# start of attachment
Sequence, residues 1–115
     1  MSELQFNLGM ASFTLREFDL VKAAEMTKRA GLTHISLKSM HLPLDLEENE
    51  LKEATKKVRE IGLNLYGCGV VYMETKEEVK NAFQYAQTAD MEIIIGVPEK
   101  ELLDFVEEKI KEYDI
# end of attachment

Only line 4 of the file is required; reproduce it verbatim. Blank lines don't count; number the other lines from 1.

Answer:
   101  ELLDFVEEKI KEYDI